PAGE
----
Four University of Houston medical students were selected for the 2022-23 class of the prestigious Albert Schweitzer Fellowship, a year-long service-learning program focused on addressing the unmet health needs of underserved communities.
The UH Tilman J. Fertitta Family College of Medicine fellows are Breanna Chachere and Zikora Stephens from the Class of 2024, as well as Taylor Jackson and Pelumi Oloyede from the Class of 2025. Their projects tackle a broad spectrum of health issues – from maternal and infant mortality to loneliness and social isolation among the elderly in the Houston-Galveston area.
Named in honor of humanitarian and Nobel laureate Dr. Albert Schweitzer, the fellowship’s mission is to “prepare the next generation of professionals who will serve and empower vulnerable people live healthier lives and create healthier communities.” This mission is a perfect match for the Fertitta Family College of Medicine students’ commitment to improve health and health care in Texas.
“What drew me most to the Schweitzer Fellowship is the emphasis on students partnering with community agencies and amplifying the efforts these organizations are already working on to make a difference, filling in gaps pre-identified by these community experts,” said Chachere.
Improving maternal and child health outcomes through collaboration
Chachere, Jackson and Stephens, all aspiring OB/GYNs, joined forces on a project to raise awareness about maternal health risk factors and educate women, who are mothers, pregnant or of child-bearing age, about how to address those risks during preconception, prenatal, and postpartum periods with available resources.
“Research has shown that as much as 60% of all maternal deaths in the U.S. are preventable. And that increasing access to preconception, prenatal, and postpartum care and education can reduce pregnancy-related complications,” said Chachere, a Houstonian who is passionate about addressing perinatal health inequities among communities of color, increasing health care access, and championing community advocacy.
The program is designed to support women of color, women who have had no or late prenatal care during a current or previous pregnancy, and women who have experienced a previous complicated pregnancy or related maternal health complication.
“This project is enabling my classmates and I to get real-time experience of implementing a service-learning project to support a population and community that we’re passionate about,” she said.
The students are partnering with UH Healthy Start, the American Heart Association, and the Humana Integrated Health System Sciences Institute at UH – organizations that share a similar mission and commitment -- to serve the Houston area via the development of communication products and a health-based curriculum.
They plan to use these resources by offering educational sessions to provide evidence-based health information and launching a social media awareness campaign among other efforts. The team hopes these combined tactics will improve maternal and child health by empowering women with increased social support, knowledge, and access to resources.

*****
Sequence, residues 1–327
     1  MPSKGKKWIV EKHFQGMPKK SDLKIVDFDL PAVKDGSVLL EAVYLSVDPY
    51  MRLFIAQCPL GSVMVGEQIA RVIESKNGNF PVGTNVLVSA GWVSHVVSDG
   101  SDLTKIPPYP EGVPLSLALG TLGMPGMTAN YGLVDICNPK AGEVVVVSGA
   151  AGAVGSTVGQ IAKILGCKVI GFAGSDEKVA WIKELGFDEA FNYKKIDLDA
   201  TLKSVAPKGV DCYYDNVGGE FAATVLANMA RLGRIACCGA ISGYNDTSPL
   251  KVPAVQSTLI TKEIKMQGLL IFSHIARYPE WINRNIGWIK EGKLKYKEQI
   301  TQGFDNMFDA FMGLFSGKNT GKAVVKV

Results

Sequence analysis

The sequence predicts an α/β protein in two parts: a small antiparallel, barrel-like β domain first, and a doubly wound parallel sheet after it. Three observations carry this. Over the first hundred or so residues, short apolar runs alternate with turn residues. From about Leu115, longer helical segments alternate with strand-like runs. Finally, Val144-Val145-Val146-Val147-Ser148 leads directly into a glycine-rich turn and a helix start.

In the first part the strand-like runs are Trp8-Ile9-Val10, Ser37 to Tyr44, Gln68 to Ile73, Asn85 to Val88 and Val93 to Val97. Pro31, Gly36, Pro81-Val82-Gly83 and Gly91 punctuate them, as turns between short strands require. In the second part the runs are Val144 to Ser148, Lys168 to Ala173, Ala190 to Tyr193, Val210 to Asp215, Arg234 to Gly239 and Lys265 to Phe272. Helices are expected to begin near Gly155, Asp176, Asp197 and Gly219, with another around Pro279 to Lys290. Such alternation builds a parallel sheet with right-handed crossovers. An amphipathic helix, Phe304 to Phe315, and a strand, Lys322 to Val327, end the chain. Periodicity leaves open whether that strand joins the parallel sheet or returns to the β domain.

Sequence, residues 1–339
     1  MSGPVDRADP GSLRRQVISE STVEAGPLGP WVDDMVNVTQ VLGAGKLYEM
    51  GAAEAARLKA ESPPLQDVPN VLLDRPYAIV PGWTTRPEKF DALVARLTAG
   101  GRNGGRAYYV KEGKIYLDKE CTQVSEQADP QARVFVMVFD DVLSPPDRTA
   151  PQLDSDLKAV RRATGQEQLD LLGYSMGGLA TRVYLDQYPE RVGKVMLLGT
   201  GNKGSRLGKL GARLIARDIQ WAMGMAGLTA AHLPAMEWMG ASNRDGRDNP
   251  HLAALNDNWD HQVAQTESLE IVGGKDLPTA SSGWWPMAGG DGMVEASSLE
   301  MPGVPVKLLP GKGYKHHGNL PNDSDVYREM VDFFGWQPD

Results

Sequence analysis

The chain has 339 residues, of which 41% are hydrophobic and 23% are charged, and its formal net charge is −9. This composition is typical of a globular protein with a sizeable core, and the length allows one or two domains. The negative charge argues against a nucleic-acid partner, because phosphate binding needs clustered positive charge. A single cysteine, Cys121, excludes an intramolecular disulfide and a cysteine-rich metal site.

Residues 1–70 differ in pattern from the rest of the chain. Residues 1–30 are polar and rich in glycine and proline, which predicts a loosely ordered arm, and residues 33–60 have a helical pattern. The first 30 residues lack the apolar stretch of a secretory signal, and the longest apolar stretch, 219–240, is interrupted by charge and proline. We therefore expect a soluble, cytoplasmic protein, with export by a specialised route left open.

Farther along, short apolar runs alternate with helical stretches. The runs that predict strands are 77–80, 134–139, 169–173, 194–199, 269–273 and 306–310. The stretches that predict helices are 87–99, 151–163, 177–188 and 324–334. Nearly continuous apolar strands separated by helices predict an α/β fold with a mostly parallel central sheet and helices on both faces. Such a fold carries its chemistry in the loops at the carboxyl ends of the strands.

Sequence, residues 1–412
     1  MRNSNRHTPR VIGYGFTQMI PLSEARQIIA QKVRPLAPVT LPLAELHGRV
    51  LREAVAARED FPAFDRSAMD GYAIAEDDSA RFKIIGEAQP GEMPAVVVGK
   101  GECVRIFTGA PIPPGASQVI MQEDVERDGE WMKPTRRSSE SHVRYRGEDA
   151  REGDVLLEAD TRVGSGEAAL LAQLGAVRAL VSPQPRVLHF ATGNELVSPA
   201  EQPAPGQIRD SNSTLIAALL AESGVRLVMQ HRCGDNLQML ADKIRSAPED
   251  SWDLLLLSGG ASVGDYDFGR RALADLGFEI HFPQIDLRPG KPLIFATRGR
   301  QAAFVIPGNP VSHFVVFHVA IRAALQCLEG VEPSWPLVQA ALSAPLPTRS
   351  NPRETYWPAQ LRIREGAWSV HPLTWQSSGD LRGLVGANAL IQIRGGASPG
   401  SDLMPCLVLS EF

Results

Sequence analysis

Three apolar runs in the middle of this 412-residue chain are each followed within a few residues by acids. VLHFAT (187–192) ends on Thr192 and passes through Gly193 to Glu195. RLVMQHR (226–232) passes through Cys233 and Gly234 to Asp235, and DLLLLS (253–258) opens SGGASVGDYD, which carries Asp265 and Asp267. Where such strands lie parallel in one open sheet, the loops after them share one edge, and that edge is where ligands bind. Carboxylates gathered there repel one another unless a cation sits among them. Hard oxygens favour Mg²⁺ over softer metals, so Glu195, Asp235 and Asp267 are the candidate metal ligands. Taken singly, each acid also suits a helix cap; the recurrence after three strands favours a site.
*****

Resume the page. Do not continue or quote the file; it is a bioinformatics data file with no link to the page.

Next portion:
“As a woman myself, I have experienced how often women neglect their health to care for others while also experiencing marginalization and exploitation in society,” said Jackson, who has wanted to be a doctor since nine-years-old. “I want to create a bridge of trust and knowledge between the medical field and underserved communities to help improve health autonomy.”
Using the power of stories and art to connect generations
According to the U.S. Census Bureau, 10.5% of Houston’s population is aged 65 or older. For the past two years, COVID-19 has limited nursing facility activities to decrease the spread of the virus, exacerbating the loneliness and social isolation already prevalent in nursing homes, which then negatively impacts health and well-being of older adults.
Oloyede, a licensed community health worker, partnered with a Baylor College of Medicine student for a project using storytelling and art activities to encourage social interactions between medical students and the elderly residents of St. Dominic Village. Many of the residents have some level of dementia or other cognitive impairment and St. Dominic’s has a great need for engaging social activities.
“Older adults come from a lifetime of memories that can be used to tell a story, and stories and/or art can be powerful tools for social interaction,” Oloyede said.
This project, builds on a previous virtual project and has three major goals:
(1) Address loneliness among older adults -- in independent living, assisted living, and possibly nursing home areas -- who are isolated due to ongoing COVID-19 concerns.
(2) Foster intergenerational relationships between older adults and medical students.
(3) Utilize arts and storytelling activities to build these connections.
While helping some of Houston’s elderly, the project also enables medical students gain invaluable insight.
“As future physicians, these students will interact with older adults in various health care settings, and it is important to gain comfort with this group outside of a clinical environment as well,” Oloyede said. “Students can become physician advocates for older adults in the future.”
This year was the most competitive application cycle the Houston Galveston chapter of the Albert Schweitzer Fellowship has ever had, according to notification letter sent by Dr. Andrea Link, executive director of the organization. Seventy fellows were selected for 2022-23.